Our reading this week is from the gospel of Matthew:
Jesus entered the temple courts, and, while he was teaching, the chief priests and the elders of the people came to him. “By what authority are you doing these things?” they asked. “And who gave you this authority?”
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Jesus replied, “I will also ask you one question. If you answer me, I will tell you by what authority I am doing these things. John’s baptism—where did it come from? Was it from heaven, or of human origin?”
They discussed it among themselves and said, “If we say, ‘From heaven,’ he will ask, ‘Then why didn’t you believe him?’ But if we say, ‘Of human origin’—we are afraid of the people, for they all hold that John was a prophet.” So they answered Jesus, “We don’t know.”
Then he said, “Neither will I tell you by what authority I am doing these things.
“What do you think? There was a man who had two sons. He went to the first and said, ‘Son, go and work today in the vineyard.’ ‘I will not,’ he answered, but later he changed his mind and went. “Then the father went to the other son and said the same thing. He answered, ‘I will, sir,’ but he did not go.
“Which of the two did what his father wanted?”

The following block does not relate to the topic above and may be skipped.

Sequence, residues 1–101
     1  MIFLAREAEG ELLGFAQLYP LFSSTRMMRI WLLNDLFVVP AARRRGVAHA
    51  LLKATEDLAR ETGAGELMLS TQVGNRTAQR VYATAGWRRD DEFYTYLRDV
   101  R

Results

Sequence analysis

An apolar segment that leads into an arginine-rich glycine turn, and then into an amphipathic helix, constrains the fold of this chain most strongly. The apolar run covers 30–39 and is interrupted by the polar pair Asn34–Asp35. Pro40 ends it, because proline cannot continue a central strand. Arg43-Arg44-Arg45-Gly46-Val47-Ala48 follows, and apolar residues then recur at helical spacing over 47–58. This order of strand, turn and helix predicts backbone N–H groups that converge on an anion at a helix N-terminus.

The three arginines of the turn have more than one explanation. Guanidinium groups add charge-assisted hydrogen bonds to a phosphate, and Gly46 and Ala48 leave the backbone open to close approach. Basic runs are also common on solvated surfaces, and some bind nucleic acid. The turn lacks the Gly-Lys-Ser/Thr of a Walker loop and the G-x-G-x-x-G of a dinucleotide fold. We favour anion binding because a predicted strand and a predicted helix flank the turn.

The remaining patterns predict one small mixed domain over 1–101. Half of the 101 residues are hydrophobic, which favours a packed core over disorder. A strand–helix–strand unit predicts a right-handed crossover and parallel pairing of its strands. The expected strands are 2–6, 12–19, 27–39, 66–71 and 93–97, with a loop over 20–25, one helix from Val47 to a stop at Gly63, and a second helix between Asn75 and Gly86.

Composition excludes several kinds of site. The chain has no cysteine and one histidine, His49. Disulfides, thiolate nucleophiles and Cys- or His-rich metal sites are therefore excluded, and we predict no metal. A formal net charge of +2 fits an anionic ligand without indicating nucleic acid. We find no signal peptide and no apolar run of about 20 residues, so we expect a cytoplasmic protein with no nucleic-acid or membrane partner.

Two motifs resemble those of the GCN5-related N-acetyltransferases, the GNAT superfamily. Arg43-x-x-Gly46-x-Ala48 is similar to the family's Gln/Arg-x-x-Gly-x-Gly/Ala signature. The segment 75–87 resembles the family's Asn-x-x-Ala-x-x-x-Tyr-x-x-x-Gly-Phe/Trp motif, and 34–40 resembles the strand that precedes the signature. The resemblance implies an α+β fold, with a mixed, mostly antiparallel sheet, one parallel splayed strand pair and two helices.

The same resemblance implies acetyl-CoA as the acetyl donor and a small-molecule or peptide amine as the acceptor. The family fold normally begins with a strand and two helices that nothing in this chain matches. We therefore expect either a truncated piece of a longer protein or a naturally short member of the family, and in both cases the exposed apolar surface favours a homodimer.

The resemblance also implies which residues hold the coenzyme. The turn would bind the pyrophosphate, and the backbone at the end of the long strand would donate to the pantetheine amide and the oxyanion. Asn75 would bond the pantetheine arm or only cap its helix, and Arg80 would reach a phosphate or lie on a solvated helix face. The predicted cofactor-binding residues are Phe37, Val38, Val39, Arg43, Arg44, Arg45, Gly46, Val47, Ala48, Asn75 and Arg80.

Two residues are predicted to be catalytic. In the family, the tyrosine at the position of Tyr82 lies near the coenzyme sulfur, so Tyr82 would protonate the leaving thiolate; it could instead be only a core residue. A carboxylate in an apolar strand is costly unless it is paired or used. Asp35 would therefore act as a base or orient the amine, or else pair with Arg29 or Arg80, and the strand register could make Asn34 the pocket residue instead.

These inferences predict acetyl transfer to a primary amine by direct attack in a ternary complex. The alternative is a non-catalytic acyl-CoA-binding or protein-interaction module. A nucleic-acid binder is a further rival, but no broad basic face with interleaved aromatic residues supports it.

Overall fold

“The first,” they answered.
Jesus said to them, “Truly I tell you, the tax collectors and the prostitutes are entering the kingdom of God ahead of you. For John came to you to show you the way of righteousness, and you did not believe him, but the tax collectors and the prostitutes did. And even after you saw this, you did not repent and believe him.” (Matthew 21:23-32)
If we are going to arrive at life-giving interpretations that do not devolve into anti-Semitic tropes, we’ll need to understand the context of this passage. First, this passage represents a debate within Judaism. Christianity does not exist yet. So the passage doesn’t point to a choice between Christianity and Judaism, or some embracing “Christianity” ahead of others. Jesus was a Jewish man. The tax collectors and prostitutes in this passage are all Jewish folk, as were the chief priests and all the elders.
This is instead a debate among people in different social locations within Judaism, the elite and powerful of a society and those who were shunned or pushed to the edges of their society, about what faithfulness to the God of the Torah looked like and how to follow the Torah’s economic teachings.
Jesus had just overturned the money changers tables in the Temple, a political symbol and not solely a religious one. The Temple was the “Capital building” of the Temple state of Jerusalem over which Rome exercised imperial control. The chief priests and elders were not only religious leaders but also held political positions of power, property, and privilege.
By flipping over these Temple tables, Jesus staged a political protest over the exploitation of the poor, and his authority for teaching and acting was challenged by those in positions of authority within the Temple state.
Again, all of this happening economically, politically, socially, and religiously, and within Jewish culture and society.
This story gives those of us who are not Jewish a window into a society from which we can glean wisdom as we stand in solidarity with the oppressed and marginalized, those in underprivileged social locations in our own society.
We’ll explore some of these lessons, next.
(Read Part 2)